• Long-term effects for those who responded to Ground Zero

    By: Brittney Johnson

    Updated:

    As the nation mourns the thousands of lives lost in the Sept. 11 attacks, Channel 9 is learning more about the long-term effects on those who responded to Ground Zero.

    [RELATED: 9 Investigates: 17 years later, first responders remain impacted by effects of 9/11]

    Local Federal Bureau Investigation agents who investigated the attacks told Channel 9's Brittney Johnson that they are worried their work at Ground Zero could still kill them.

    Twenty-four hours after Agent John D. Wydra watched planes crash into the World Trade Center and Pentagon, he was on the way to Washington DC to lead a team of FBI agents from Charlotte to collect evidence.

    “In our minds the country was at war, we were trying to figure out who did this,” said Wydra.

    Wydra and his team spent weeks on their hands and knees sorting through the wreckage.

    Photos still hang on his wall showing the massive mounds of toxic debris.

    “Every day you were covered in dust,” said the agent. “Every day you would cough up black chunks of dust.”

    [RELATED: Cornelius firefighters remember victims, friends killed in 9/11 terror attacks]

    Consumed by the real-time race to protect the country, the agents didn't consider that they weren't protecting themselves.

    Wydra told Channel 9, “Nobody thought they were going to get sick, not then or later.”

    It wasn't until 2008, when Wydra was diagnosed with cancer that they realized just how exposed they were while investigating the attacks.

    Out of the 16 men on Wydra’s team, three of them have been diagnosed with cancer.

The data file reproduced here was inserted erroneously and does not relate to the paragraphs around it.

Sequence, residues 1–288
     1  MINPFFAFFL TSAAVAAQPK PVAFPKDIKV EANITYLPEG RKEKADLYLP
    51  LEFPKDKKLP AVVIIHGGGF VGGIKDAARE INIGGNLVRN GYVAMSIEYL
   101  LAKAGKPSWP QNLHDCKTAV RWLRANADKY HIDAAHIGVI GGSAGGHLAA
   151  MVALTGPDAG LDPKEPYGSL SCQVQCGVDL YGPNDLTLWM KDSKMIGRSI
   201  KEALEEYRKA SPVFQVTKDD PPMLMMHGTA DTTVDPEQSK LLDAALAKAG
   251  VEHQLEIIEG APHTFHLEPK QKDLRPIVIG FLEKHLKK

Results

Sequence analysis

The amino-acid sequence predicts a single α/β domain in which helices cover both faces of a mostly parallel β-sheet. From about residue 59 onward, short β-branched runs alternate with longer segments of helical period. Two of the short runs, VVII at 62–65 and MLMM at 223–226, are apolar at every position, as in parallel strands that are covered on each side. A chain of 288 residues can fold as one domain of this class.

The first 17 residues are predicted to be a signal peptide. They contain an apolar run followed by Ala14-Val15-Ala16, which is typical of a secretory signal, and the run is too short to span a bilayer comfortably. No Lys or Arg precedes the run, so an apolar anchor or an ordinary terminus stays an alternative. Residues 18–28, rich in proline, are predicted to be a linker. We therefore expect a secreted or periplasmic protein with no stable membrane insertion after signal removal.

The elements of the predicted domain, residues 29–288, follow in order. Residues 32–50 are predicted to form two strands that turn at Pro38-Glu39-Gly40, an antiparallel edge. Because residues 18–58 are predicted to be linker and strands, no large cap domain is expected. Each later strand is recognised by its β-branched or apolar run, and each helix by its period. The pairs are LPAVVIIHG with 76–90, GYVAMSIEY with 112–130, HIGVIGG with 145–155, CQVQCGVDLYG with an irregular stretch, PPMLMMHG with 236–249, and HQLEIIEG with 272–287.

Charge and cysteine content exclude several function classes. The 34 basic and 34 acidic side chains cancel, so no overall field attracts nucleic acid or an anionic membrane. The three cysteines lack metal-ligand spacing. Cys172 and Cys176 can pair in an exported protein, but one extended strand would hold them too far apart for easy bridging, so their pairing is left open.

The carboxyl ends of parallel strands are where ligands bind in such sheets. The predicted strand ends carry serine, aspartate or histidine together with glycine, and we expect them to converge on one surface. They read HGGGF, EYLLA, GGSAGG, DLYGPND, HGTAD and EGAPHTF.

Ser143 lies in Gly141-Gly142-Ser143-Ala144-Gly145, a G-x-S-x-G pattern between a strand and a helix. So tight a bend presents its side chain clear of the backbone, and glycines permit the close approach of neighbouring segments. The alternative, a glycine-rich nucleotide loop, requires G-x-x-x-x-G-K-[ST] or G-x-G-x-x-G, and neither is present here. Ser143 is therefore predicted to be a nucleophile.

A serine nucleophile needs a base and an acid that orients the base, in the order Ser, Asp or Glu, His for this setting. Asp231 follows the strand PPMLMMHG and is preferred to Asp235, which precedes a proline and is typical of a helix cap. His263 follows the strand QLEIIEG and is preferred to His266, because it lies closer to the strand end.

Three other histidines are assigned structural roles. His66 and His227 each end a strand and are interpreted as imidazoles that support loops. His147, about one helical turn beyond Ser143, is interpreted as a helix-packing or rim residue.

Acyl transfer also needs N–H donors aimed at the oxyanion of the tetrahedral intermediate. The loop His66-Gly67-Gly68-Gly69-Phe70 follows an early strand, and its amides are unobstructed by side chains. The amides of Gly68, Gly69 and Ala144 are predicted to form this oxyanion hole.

One member of the team, Agent Jerry Senatore died in 2011 and his photo is displayed on the Wall of Honor at the Charlotte Headquarters. 

    “I look at it and I can't believe it. We came in the bureau at the same time together,” said Wydra.

    Last week, FBI Director Christopher Wray held a press conference shining a light on the ongoing sacrifice of federal agents.

    According to the FBI, 31 agents have been diagnosed with cancer related to 9/11 and 15 have died.

    Wilmington agent Stanley Meador was diagnosed with colon cancer in 2013.

    He survived 24 rounds of chemo and this year on September 11 marks two years without a reoccurrence.

    [RELATED: US marks 9/11 with somber tributes, new monument to victims]

    “I will tell you the FBI mission is to protect American people and on that day, no different. That's what we do,” said Meador.

    Both agents told Johnson that their battle is far from over.

    “Every doctor’s appointment I go to, I’m wondering if this is it. If it’s going to come back,” said Wydra.

    Despite the agent’s ongoing fear that his cancer will return, when Johnson asked him if he would volunteer all over again, he said “yes, I would do it today.”

    The World Trade Center Health Program currently helps agents with healthcare costs.

    The FBI Agents Association is fighting to get the Department of Labor to recognize agents' cancer deaths and illnesses as work-related, which would give victims and their families access to full federal benefits.

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